Can ChatGPT Write Essays?

Yes, ChatGPT can write essays. As a large language model trained by OpenAI, based on the GPT-3.5 architecture, ChatGPT has the capability to generate coherent and comprehensive text on a wide range of topics. In fact, one of the key applications of ChatGPT is to generate human-like text that can be used for various purposes, including writing essays.

To write an essay, ChatGPT first needs to be provided with a prompt or topic to write about. This can be done by the user inputting a question, statement, or idea that serves as the starting point for the essay. Once the prompt is provided, ChatGPT uses its natural language processing capabilities and machine learning algorithms to generate a response.

In order to write an effective essay, ChatGPT needs to have a deep understanding of the topic at hand. This requires access to a large amount of knowledge and information on the topic, which can be obtained through various sources, including online databases, academic journals, and other reliable sources. ChatGPT can also use its machine learning capabilities to learn from past essays and other relevant texts, which can help improve the quality and coherence of its responses.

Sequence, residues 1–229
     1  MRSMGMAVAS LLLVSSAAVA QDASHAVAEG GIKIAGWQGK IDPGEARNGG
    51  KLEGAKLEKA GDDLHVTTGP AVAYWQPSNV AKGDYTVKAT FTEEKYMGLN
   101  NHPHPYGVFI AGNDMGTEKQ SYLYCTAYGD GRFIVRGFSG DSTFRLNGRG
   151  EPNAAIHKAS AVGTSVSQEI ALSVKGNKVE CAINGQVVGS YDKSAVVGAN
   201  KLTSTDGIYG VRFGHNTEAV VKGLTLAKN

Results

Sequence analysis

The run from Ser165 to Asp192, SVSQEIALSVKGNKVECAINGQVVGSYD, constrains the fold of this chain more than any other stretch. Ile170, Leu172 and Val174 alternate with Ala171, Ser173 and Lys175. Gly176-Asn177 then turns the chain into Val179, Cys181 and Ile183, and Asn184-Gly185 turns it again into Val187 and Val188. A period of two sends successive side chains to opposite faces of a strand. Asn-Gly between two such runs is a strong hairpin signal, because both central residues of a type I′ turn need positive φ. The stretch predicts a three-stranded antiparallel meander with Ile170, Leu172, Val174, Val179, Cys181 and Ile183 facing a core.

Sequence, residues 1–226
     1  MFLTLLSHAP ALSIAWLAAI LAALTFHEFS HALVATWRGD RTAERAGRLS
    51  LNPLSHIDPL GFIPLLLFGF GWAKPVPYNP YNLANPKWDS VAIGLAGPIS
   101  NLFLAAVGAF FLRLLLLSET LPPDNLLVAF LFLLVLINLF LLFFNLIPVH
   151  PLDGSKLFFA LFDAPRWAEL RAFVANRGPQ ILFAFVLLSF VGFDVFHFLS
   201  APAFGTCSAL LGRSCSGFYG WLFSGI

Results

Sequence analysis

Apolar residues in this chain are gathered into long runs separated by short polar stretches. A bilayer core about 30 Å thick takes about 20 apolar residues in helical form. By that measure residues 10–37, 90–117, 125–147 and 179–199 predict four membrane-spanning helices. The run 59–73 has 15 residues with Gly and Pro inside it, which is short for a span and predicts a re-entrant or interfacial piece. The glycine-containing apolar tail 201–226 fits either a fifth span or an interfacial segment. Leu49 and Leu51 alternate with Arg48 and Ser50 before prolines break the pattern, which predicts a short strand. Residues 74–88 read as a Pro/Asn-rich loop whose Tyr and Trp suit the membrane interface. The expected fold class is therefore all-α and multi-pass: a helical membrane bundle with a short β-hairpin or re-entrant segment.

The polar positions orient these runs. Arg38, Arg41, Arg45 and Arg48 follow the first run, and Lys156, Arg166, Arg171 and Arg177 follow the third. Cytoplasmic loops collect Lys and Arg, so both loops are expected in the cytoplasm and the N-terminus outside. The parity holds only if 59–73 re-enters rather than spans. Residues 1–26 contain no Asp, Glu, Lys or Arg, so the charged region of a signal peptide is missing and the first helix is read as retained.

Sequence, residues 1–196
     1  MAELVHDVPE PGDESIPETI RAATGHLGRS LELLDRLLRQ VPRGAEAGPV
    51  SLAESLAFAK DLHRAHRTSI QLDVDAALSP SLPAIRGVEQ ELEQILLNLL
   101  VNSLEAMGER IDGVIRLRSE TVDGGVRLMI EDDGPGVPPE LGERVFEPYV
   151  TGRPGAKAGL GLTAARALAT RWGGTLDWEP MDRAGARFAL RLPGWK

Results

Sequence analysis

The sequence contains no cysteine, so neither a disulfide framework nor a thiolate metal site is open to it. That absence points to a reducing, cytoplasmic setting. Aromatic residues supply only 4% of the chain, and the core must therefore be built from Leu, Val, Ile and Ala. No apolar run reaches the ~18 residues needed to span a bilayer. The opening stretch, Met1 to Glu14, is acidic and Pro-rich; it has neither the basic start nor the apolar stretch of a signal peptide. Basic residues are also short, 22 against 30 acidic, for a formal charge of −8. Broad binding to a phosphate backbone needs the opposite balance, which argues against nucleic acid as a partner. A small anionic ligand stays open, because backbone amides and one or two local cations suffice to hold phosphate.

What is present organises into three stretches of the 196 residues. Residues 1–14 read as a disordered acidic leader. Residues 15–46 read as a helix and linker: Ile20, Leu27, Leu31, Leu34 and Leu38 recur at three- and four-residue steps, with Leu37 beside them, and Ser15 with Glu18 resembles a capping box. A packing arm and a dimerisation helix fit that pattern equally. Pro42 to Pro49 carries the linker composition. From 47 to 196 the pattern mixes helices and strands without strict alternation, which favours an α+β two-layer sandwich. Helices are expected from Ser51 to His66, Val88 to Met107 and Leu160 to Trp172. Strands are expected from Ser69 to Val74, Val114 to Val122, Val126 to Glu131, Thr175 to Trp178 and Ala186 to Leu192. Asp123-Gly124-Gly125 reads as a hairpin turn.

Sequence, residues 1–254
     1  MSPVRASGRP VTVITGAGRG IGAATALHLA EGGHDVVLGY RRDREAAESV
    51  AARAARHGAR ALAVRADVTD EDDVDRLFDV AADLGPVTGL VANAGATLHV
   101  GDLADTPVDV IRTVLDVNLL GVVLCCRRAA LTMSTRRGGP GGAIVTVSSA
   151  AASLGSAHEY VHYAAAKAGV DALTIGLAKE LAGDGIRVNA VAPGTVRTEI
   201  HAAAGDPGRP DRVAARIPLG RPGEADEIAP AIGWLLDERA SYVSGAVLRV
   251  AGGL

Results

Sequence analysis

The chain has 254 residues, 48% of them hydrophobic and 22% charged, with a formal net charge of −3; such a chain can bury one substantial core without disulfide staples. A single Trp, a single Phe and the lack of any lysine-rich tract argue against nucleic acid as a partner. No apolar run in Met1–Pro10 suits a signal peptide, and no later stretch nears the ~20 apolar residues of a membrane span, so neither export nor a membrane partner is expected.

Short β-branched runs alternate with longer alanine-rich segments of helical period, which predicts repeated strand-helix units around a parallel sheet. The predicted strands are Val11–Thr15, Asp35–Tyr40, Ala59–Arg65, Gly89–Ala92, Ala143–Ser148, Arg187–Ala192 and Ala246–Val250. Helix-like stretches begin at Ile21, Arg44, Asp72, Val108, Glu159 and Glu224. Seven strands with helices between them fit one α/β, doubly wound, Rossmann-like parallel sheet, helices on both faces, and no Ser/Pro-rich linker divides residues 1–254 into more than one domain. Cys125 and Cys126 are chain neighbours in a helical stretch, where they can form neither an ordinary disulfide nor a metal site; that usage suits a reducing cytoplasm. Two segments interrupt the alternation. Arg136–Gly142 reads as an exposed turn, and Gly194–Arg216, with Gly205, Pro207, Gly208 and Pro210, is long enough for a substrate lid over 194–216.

To write a high-quality essay, ChatGPT also needs to have a strong command of language and grammar. This involves understanding the rules of grammar, syntax, and style, as well as the nuances of language use and communication. ChatGPT has been trained on a vast corpus of texts, which includes a wide range of writing styles and genres. This allows it to generate text that is not only grammatically correct but also stylistically appropriate for the context and audience.

In addition to language and grammar, ChatGPT also needs to be able to structure its responses in a logical and coherent manner. This requires understanding the principles of essay structure, including the introduction, body, and conclusion. ChatGPT can use its machine learning capabilities to identify the key points to be addressed in each section of the essay, as well as the most effective ways to link these points together to form a cohesive argument or narrative.